FEINSTEIN: That's correct. That's correct.
Now, unlike my experience, there are now entire generations of women who know a world only where their reproductive rights are protected. Do you agree with the court that this reliance is sufficient?
ROBERTS: Well, again, I think that's asking me whether I think the decision was correct or not on that point.
It certainly was the analysis that the joint opinion in the court entitled to respect it as precedent like any other decision of the court under principles of stare decisis.
And that would certainly be where I would begin. If any of these issues come before the court, if I were to be confirmed, I would begin with the precedent that the court has laid out in this area.
FEINSTEIN: One other question on Casey, and I'd like to quote from something that Justice Ginsburg said in the transcript in her confirmation hearing, in a discussion with then-Senator Brown.
"The Casey majority understood that marriage and family life is not always what we might wish them to be. There are women whose physical safety, even their lives, would be endangered if the law required them to notify their partner.
"And Casey, which, in other respects, has been greeted in some quarters with great distress, answered a significant question, one left open in Roe. Casey held a state could not require notification to the husband."
Do you agree?
ROBERTS: That is what Casey held, yes. And that's, as I said before, a precedent of the court, like any other precedent of the court, entitled to respect under principles of stare decisis.
FEINSTEIN: Thank you.
One other reading from Justice Ginsburg's testimony: "Abortion prohibition by the state, however, controls women and denies them full autonomy and full equality with men. That was the idea I tried to express in the lecture to which you referred; that two strands, equality and autonomy, both figure in the full portrayal."
Do you agree or disagree?
ROBERTS: Well, I think then Justice -- then-Judge -- Ginsburg felt at greater liberty to discuss that precisely for the reason that you noted, that she had given a lecture on the subject.
Those are issues that come up again and again before the court. And, consistent with what I understand the approach to have been of other nominees, I don't think I should express a view on that.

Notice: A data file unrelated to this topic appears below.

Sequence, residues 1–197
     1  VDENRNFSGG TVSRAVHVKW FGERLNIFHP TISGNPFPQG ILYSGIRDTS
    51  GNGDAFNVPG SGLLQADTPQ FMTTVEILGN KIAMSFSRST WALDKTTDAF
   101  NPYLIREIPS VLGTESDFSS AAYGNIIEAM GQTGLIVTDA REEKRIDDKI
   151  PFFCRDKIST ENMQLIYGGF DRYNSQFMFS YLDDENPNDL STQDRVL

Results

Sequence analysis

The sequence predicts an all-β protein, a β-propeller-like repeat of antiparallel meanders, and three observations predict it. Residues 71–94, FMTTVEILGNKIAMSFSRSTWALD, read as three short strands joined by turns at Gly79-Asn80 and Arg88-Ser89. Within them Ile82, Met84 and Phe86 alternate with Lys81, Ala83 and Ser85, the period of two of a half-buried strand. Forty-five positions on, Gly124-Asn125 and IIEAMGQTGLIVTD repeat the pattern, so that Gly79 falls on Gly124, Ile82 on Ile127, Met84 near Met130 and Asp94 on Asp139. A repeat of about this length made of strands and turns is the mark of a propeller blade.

FEINSTEIN: I'd like to move on.
FEINSTEIN: In Bray, you argued on behalf of the government as deputy solicitor general that the right to have an abortion is not specific to one gender.
Specifically, your brief stated, quote, "Unlike the condition of being pregnant, the right to have an abortion is not a fact that is specific to one gender," end quote.
In your oral argument you went on to make this point by comparing Operation Rescue's attempts to prevent a woman from exercising her privacy right to make decisions about her pregnancy to an ecologist's efforts to block an Indian tribe from using their exclusive fishing rights.
Do you think that's an appropriate analogy?
ROBERTS: Well, Senator, it was a position and an argument that the administration made that was accepted by the Supreme Court by a vote of 6-3.
The underlying point was that under the statute at issue in Bray, the Ku Klux Klan Act, required under the Supreme Court's precedent that people engaged in the challenged activity must be motivated by a discriminatory animus.
Obviously, under the Ku Klux Klan Act, the classic case, racial hostility.
And the issue was: Are people opposed -- in the Bray case -- opposed to abortion opposed to women?
And the determination of the court was that, no, that there are people who are opposed to abortion and that does not constitute opposition or discriminatory animus against women and, therefore, that the Ku Klux Klan Act didn't apply.
Many other provisions obviously apply in a case of abortion protester violence, including state law and other provisions of federal law, but the Supreme Court concluded 6-3 that there is no discriminatory animus based on opposition to abortion.
FEINSTEIN: Thank you. I would like to move to another subject because my time is moving on. And that's what's been happening in the court in the last 10 years.